Ithkuil: A Philosophical Design for a Hypothetical Language


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  4 Case Morphology   8 Adjuncts Revised Ithkuil: Ilaksh

 

Chapter 8: Adjuncts

8.1 Personal Reference Adjuncts 8.4 Affixual Adjuncts
8.2 Subsidiary Adjuncts 8.5 Alternate Indicators for Vocalic Mutation
8.3 Combination Adjuncts 8.6 Additional Information on Bias


The notion of adjuncts was introduced in Section 2.6.2. We have already discussed some details of various kinds of adjuncts: valence adjuncts and conflation adjuncts were introduced in Secs. 5.2 and 5.4, modality adjuncts were mentioned in Sec. 5.5, and aspectual adjuncts were described in Chapter 6. In this chapter, more information is given about these adjuncts and several additional types of adjuncts are introduced.

 

8.1 PERSONAL REFERENCE ADJUNCTS

The first type of adjunct we will analyze are those relating to personal reference. By “personal reference” is meant the grammatical description of nouns by abbreviated forms of reference. In most languages, this is accomplished by means of personal pronouns (e.g., English he, she, it, I, you, him, her, mine, ours, etc.). Generally, personal pronouns are distinguished by “person” (1st, 2nd , or 3rd) and case (e.g., compare English we, us, and ours). Ithkuil accomplishes the equivalent function by means of personal reference adjuncts, of which there are two types: single-referent and dual-referent.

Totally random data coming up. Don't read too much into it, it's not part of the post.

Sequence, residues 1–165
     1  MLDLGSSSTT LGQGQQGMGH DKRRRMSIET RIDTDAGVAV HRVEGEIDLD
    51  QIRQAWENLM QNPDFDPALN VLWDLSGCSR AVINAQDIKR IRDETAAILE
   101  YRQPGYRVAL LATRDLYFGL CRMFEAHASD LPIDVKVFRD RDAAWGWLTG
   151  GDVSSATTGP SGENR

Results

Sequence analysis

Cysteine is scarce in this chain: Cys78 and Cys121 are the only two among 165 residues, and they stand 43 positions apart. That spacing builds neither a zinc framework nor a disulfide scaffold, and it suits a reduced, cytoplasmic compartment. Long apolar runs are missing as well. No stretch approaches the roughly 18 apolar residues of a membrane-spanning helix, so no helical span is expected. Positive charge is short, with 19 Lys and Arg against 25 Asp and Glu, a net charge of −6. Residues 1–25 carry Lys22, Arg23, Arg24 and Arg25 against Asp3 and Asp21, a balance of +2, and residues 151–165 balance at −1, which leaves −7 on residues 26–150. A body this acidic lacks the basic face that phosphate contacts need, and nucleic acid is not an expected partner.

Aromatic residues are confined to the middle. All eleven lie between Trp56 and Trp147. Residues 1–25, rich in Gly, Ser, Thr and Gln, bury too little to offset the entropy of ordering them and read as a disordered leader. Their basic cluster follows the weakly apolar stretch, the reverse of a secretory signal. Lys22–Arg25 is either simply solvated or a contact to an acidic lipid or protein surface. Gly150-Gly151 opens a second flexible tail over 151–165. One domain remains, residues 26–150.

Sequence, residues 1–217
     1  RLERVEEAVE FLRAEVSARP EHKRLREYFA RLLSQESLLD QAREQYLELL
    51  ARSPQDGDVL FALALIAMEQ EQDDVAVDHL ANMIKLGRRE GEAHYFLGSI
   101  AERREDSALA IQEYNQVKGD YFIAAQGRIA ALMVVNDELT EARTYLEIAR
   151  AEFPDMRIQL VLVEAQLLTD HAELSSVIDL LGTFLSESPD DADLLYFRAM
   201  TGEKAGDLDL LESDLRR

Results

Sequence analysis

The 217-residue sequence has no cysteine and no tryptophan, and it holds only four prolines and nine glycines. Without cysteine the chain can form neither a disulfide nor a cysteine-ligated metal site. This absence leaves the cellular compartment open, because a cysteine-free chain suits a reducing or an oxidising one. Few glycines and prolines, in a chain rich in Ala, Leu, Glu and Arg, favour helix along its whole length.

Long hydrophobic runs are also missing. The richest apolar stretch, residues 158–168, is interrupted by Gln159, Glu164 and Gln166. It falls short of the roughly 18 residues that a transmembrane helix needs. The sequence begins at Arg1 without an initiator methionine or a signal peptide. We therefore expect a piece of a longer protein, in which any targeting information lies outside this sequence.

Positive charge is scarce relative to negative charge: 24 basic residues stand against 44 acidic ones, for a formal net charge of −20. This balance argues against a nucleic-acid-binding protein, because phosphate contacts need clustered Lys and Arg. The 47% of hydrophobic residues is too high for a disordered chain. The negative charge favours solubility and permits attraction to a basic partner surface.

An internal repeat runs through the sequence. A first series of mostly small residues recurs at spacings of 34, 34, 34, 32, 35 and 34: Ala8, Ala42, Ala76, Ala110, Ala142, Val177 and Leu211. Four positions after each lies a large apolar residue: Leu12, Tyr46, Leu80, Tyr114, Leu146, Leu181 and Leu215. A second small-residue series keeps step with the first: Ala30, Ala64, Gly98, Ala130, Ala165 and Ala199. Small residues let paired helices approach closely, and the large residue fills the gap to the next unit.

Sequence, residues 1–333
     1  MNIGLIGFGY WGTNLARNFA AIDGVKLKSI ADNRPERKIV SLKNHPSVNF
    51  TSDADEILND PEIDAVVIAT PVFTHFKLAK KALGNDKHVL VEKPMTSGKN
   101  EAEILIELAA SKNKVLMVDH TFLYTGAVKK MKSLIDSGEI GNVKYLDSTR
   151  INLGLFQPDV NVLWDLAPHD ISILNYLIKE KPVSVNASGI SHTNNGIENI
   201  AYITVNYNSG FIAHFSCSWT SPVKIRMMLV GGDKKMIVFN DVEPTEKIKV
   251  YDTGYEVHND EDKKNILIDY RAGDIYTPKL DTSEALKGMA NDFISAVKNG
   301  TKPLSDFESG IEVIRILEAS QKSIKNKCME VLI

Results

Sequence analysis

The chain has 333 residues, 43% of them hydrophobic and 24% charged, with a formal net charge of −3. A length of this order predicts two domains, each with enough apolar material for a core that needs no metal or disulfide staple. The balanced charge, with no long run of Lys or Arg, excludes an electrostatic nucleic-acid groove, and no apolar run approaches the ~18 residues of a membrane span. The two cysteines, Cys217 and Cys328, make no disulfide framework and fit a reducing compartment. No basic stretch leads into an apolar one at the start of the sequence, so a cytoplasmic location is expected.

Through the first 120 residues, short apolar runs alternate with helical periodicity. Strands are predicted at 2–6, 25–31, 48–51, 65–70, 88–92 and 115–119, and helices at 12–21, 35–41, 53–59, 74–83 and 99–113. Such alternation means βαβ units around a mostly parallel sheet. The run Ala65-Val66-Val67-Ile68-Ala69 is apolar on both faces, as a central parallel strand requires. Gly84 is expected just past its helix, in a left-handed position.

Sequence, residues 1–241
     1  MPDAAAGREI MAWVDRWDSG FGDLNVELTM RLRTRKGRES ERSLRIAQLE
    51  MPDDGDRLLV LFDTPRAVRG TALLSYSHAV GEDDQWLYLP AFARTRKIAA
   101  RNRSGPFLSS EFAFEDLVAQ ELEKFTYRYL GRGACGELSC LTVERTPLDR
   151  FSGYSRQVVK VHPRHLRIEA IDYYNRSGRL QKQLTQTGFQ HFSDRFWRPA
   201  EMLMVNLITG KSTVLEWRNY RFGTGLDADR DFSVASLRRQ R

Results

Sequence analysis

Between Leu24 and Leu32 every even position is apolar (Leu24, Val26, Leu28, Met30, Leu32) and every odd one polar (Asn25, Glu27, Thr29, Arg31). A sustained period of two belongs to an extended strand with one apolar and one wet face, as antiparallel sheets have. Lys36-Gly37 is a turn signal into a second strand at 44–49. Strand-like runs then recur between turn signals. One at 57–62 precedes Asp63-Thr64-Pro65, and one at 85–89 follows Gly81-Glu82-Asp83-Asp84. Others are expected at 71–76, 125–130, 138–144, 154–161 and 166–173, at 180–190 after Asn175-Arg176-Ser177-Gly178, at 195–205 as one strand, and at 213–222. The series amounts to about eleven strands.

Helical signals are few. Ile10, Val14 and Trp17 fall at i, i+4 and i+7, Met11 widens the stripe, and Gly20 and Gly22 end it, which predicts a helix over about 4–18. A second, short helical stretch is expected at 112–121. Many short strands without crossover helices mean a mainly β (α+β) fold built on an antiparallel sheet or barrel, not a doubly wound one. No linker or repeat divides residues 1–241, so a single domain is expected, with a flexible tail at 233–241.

Like all adjuncts in Ithkuil, personal reference adjuncts are highly synthetic in their structure, comprised of at least two morphemes and usually more. Before we examine the componential structure of personal reference adjuncts themselves, we must first introduce the personal reference categories they refer to.


8.1.1 Personal Reference Categories

The morpho-semantic delineations of Ithkuil personal reference categorization are based on inclusion or exclusion in relation to an utterance. These delineations begin with identifying whether or not the party speaking is included or excluded in relation to the utterance. The next delineation made is whether the party being addressed (i.e., the audience/listener) is included or excluded, then finally whether any third party (i.e., a party other than the speaker and the addressee) is included or excluded.

There are 46 personal reference categories in Ithkuil, each of which is represented by a single consonant affix plus a corresponding falling or high tone as shown in Table 22 below. The various terms and abbreviations used in the table are explained following the table.

Table 22(a) and (b): Personal Reference Categories

Explanation of abbreviations and terms in the above table:

1 = Inclusion of speaker
2 = Inclusion of addressee
m = monadic (single party)
u = unbounded (more than one party)
a = animate 3rd party
i = inanimate 3rd party
E = universal ('everyone/everything')